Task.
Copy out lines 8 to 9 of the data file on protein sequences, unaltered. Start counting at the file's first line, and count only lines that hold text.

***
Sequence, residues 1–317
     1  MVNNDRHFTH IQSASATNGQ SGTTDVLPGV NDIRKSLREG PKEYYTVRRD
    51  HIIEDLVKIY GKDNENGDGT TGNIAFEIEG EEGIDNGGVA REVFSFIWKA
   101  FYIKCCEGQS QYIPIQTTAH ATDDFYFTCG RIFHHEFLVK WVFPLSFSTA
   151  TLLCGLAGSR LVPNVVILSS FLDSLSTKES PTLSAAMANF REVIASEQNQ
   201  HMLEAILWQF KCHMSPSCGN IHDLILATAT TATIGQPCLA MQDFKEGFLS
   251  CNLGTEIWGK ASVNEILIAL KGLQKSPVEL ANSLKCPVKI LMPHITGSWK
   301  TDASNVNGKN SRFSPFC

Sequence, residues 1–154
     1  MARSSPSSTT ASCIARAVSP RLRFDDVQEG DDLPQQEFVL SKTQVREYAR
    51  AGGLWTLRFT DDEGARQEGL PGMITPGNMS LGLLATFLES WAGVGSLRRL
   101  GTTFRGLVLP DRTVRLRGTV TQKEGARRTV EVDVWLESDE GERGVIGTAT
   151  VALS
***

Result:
   301  TDASNVNGKN SRFSPFC

Sequence, residues 1–154